David Kent (politician)

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David Rice Kent (also known as David Ceannt; 2 February 1867 — 16 November 1930) was an Irish Sinn Féin politician.

He was born on 2 February 1867 in Coole, Castlelyons, County Cork, to David Kent and Mary Rice.[1]

On 2 May 1916, David Kent, his mother Mrs Rice Kent and three brothersThomas, William and Richard—were involved in a gunfight with members of the Royal Irish Constabulary (RIC) during an arrest operation following the Easter Rising in Dublin. When the supply of ammunition being loaded by Mrs Rice Kent was at its end, Richard attempted to escape but was shot and died from his wounds within several days. Thomas was not charged with armed rebellion but with "wilful murder", executed by firing squad and buried in the Detention Barracks. David was transferred to Richmond Barracks in Dublin, where he was sentenced to death, though later was reduced to penal servitude for life. Subsequently, he was moved to HM Prison Pentonville in England though released from there within the year.,.[2][3]

David Kent was elected unopposed as a Sinn Féin MP for the Cork East constituency at the 1918 general election.[4] In January 1919, Sinn Féin MPs refused to recognise the Parliament of the United Kingdom and instead assembled at the Mansion House in Dublin as a revolutionary parliament called Dáil Éireann, though Kent did not attend.[5] He was elected unopposed as a Sinn Féin Teachta Dála (TD) for the Cork East and North East constituency at the 1921 elections. He opposed the Anglo-Irish Treaty and voted against it.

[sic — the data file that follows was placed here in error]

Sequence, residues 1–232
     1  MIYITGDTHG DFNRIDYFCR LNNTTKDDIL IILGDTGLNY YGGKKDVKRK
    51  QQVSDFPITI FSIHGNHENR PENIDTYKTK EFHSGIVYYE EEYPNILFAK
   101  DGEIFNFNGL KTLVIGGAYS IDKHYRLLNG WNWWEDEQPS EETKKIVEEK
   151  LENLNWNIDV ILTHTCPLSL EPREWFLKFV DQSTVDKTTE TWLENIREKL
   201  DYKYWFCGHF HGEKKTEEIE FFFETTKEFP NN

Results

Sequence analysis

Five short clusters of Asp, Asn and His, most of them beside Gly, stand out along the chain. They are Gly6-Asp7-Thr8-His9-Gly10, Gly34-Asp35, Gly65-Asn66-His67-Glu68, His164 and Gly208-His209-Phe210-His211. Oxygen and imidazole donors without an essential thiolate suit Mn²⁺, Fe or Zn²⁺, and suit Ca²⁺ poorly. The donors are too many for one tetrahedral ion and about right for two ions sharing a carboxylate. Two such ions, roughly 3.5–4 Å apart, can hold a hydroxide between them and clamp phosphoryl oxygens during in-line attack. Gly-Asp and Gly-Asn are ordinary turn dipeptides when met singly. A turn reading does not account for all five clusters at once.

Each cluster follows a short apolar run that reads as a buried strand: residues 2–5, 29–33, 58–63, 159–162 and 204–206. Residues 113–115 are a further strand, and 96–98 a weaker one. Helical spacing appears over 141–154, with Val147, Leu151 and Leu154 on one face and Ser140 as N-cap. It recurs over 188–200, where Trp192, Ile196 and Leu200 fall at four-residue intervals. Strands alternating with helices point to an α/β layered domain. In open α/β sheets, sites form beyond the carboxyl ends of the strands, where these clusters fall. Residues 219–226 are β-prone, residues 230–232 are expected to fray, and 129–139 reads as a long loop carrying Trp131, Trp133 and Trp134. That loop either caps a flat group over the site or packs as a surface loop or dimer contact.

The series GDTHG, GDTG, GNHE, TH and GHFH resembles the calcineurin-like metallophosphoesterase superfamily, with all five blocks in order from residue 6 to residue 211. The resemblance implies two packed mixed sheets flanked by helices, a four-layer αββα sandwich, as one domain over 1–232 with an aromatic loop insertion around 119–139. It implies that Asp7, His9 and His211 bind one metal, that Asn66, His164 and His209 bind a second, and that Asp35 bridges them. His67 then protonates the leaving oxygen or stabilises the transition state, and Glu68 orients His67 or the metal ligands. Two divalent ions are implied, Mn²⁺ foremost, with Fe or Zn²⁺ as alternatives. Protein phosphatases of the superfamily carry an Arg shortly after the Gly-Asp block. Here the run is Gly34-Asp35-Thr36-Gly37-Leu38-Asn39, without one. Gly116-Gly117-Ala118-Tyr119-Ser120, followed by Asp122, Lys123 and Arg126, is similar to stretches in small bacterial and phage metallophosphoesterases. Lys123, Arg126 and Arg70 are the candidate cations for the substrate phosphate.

He was re-elected for the same constituency at the 1922 general election, this time as an anti-Treaty Sinn Féin TD, and he did not sit in the Dáil from this time onwards. He was elected as a Republican TD for Cork East constituency at the 1923 general election. He was elected as one of five Sinn Féin TDs at the June 1927 general election. He did not contest the September 1927 general election.[6]

His brother William Kent was also a TD in the 1920s and 1930s.

He died on 16 November 1930 at Bawnard, Castlelyons, County Cork.[7]

See also[edit]


  1. ^ "General Registrar's Office". IrishGenealogy.ie. Retrieved 10 December 2016.
  2. ^ Piaras F. Mac Lochlainn, Last words: Letters and Statements of the Leaders Executed after the Rising at Easter 1916, Stationery Office, Dublin, 1990, p. 155
  3. ^ Patrick J. Power, "The Kents of Bawnard, Castlelyons, and their Fight for Irish Freedom", in "REBEL CORK'S FIGHTING STORY", Anvil Books, The Kerryman Ltd, Tralee
  4. ^ "David Kent". Oireachtas Members Database. Retrieved 10 April 2009.
  5. ^ "Roll call of the first sitting of the First Dáil". Dáil Éireann Historical Debates (in Irish). 21 January 1919. Archived from the original on 19 November 2007. Retrieved 29 March 2008.
  6. ^ "David Kent". ElectionsIreland.org. Retrieved 10 April 2009.
  7. ^ "General Registrar's Office". IrishGenealogy.ie. Retrieved 10 December 2016.

External links[edit]

Parliament of the United Kingdom
Preceded by
John Muldoon
Member of Parliament for Cork East
Succeeded by
Constituency abolished
New constituency Teachta Dála for Cork East
Succeeded by
Constituency abolished